This might be the show I’m most shocked I enjoyed in 2015. I really did not like the first episode of Prison School. The gross-out humor in particular rubbed me the wrong way. Somehow, though, I stuck with the show and was won over when it became an old-time prison break film with five horny ass, dumb as hell teenagers. The way Prison School continually riffs on that basic structure had me laughing with every episode. I had no idea that I wanted to see a friendship tested over the shame of choosing an action figure over your friend, but there you go. It’s also appreciated that despite the teenage ugliness of the characters, the story has a certain affection for all of them, even the underground student council. The thick melodrama of the visual style also works so well for me — all chiaroscuro and people in positions of power leering down at the lowly fools who think they’re in any position to speak out against the punishments they must endure. And in a medium where shows often don’t stick the landing, Prison School ends well, and in a way where I would absolutely watch more Prison School that goes in the direction the finale indicates.
4. Kuroko’s Basketball S3
I am going to miss the hell out of these basketball boys. As I wrote during my 12 Days post on this series, the third season of Kuroko’s Basketball blends the best aspects of the first season (compelling games, characters, and relationships) and the second season (highly improved aesthetics, games that didn’t look like garbage). It pays off everything built in the first two seasons in highly satisfying fashion. After season two, I feared the series had gone too far with the absurd basketball powers — it turns out I just needed to give a shit about the clashing teams again, and for the abilities to mesh in interesting ways. Who knew? The themes of friendship and teamwork build and build and result in an explosion of nonsense, hilariously unrealistic basketball ability that had me pumping my fist like I was watching an actual NBA game. I might be overrating this show a bit; however, I legitimately cared about most every character in this series, so fuck it. After each episode, I NEEDED to see the next one.
3. Gatchaman Crowds Insight
Gatchaman Crowds Insight is the counterargument that the first season (which I liked) needed. We’ve seen good come from social media (particularly people given voices who would be denied them in mainstream discourse), but like other mediums, its very nature can influence snap judgments, dogpiling, misinformation, and all that other fun stuff, with the added immediacy and access to people that comes with the Internet experience. Insight runs with that reality full force and uses it to examine the balance between freedom of a populace to determine its own path, and the responsibility of that populace to make decisions that matter and are of long-term benefit. I like how Insight couches various concerns and political/philosophical approaches within the motivations of its characters. Joe wants CROWDS out of the hands of the people, even if he accomplishes that through means he doesn’t necessarily agree with. Tsubasa wants simply to help people who need help. Rui wants people to have some basic form of autonomy, even if CROWDS is an imperfect solution. That clashing of ideals makes Insight one of the most compelling stories I watched this year. It’s a lot of heavy stuff filtered through a neat superhero narrative that builds and pays off everything mostly well (I still think the conclusion is a touch optimistic, but it’s fiction, so hey).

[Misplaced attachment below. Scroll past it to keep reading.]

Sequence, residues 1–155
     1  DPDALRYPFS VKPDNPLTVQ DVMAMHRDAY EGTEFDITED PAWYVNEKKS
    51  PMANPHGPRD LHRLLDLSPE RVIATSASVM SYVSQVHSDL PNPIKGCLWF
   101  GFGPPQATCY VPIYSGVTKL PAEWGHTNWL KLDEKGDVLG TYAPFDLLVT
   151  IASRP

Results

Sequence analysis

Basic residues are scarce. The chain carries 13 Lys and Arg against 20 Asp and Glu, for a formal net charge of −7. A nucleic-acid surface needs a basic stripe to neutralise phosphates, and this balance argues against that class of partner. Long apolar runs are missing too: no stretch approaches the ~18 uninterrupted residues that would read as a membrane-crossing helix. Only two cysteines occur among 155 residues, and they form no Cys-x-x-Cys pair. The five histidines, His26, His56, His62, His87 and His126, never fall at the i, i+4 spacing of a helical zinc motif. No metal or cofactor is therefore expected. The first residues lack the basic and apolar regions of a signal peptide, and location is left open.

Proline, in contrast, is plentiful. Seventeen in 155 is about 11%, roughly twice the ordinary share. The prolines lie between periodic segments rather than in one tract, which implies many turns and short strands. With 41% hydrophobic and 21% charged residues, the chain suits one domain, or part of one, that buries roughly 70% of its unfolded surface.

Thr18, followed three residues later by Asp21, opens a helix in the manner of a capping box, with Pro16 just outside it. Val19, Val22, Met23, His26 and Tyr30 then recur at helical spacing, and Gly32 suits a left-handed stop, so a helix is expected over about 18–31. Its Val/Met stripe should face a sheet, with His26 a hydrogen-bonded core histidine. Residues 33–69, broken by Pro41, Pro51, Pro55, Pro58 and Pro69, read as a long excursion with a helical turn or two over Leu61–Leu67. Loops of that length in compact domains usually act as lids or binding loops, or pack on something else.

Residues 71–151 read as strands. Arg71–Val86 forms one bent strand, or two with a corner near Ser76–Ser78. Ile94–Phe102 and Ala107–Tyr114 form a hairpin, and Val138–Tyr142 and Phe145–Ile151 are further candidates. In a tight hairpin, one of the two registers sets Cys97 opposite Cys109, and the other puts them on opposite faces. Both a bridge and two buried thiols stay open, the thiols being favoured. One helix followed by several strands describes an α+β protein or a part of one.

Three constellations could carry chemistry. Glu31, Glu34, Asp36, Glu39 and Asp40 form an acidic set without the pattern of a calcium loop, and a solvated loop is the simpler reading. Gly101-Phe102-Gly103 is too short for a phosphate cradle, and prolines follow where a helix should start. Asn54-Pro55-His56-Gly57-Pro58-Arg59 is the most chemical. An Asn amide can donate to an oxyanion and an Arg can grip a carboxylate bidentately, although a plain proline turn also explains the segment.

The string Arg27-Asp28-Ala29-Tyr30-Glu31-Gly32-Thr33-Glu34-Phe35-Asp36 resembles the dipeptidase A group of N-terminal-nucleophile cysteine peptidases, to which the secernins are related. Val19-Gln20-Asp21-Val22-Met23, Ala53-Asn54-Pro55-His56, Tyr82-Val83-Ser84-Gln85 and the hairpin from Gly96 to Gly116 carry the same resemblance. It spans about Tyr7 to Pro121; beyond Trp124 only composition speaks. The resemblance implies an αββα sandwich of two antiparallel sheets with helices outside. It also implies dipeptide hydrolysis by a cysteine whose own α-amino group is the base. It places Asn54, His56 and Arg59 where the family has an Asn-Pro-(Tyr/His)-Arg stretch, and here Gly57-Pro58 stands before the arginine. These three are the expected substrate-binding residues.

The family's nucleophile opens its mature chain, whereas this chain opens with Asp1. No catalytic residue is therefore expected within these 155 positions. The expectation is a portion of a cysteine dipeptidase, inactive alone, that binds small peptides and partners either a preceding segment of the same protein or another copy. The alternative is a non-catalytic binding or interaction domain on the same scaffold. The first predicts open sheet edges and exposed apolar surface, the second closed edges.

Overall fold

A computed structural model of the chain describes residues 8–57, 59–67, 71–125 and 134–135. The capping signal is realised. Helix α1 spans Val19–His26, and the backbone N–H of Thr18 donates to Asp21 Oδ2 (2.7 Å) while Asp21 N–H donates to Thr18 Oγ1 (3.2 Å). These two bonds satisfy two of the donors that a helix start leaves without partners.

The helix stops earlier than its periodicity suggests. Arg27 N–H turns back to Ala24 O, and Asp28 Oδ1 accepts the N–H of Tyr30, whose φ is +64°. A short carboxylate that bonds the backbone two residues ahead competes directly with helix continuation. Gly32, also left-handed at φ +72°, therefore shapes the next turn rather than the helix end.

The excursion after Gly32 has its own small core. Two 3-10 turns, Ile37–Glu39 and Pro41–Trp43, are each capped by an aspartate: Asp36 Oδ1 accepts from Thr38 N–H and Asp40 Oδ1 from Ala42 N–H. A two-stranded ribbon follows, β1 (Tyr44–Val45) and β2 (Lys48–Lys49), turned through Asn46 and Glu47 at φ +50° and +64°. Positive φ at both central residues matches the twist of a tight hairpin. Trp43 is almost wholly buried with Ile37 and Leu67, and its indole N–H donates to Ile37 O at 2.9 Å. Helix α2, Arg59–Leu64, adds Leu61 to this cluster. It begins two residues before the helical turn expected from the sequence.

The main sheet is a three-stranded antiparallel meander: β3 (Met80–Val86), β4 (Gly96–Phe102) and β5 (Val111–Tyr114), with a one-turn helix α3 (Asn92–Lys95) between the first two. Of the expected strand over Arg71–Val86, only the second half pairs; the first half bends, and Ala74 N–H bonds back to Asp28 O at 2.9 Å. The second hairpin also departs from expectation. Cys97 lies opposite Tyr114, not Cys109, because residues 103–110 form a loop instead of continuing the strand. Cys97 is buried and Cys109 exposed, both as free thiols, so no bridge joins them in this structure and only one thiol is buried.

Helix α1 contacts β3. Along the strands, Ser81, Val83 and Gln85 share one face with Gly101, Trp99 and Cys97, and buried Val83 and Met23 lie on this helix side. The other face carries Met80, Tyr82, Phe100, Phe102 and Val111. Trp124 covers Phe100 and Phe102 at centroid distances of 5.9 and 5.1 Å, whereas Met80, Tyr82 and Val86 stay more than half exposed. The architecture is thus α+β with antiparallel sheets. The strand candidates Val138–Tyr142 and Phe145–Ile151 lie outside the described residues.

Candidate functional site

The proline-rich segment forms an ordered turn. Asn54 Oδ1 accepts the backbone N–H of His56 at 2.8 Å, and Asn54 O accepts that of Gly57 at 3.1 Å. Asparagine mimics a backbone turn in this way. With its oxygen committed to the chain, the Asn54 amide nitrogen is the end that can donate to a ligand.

2. Sound! Euphonium
This series (and my No. 1) are increasingly the types of stories I find myself falling in love with as I get older — lots of small, personal stories coalescing into a cohesive whole. Euphonium does a splendid job of capturing that tumultuous time in life when people begin discovering who they are, what they’re passionate about, and thrash about wildly trying to make something happen. The pressure cooker environment of preparing for a music competition is the perfect encapsulation of the teenage experience: a lot of fumbling about trying to make something work while surrounded by petty rivalries, skittishness, and super awkward romance. Whether it was Kumiko navigating awkward misunderstandings and attempting to not have feelings blow up in her face, or Reina looking clear-eyed at her goals, or Asuka throwing people off with her mask, so many individual characters and stories — big and small — feel so alive in Euphonium. Even more than Kuroko’s Basketball, it feels pretty darn great when everyone pulls together for that final performance. During a time when my anime watching habits went totally awry, Euphonium was one show I absolutely could not miss.
Shirobako and Euphonium are cut from a similar cloth. At heart, they’re about a disparate group of people — all with their own flaws and quirks, dreams and passions — coming together to make magic happen after periods of duress, frustration, and near-collapse. If there’s one thing that puts Shirobako ahead of Euphonium for me, it’s that I feel a stronger tug toward a story about adults balancing passion with the reality of working life. That’s just my bias. Of the many things Shirobako does well, what I perhaps love most is how the series bridges the various generations at Musani. The mix of old-timers, veterans, and new folks makes Musani feel like a living, breathing being. Nobody is there to fill space. When I think about Shirobako, it’s not simply the big moments like Shizuka finally taking the first step to her dream that come to mind — it’s also two longtime animators at a ramen stand shooting the breeze about work and family, about their sons who want to enter this ridiculous industry for whatever damn reason. It’s finding that the crusty lifers had as much passion and verve as you once upon a time. It’s taking a bit of time to drink and whine about work even when you’re the ones causing the most conflict. It’s suddenly finding that somehow, some way, you bumbled your way into becoming a source of wisdom to bestow on fresh-faced newbies. It’s not believing in yourself, but knowing great people who can help you do that.
It’s loving your job and hating it, possibly in the same moment. It’s finishing something and feeling proud, but knowing that life doesn’t stop for a damn moment.
Whatever my feelings about 2015, I can be happy that I watched a great show that will stick with me for a long time.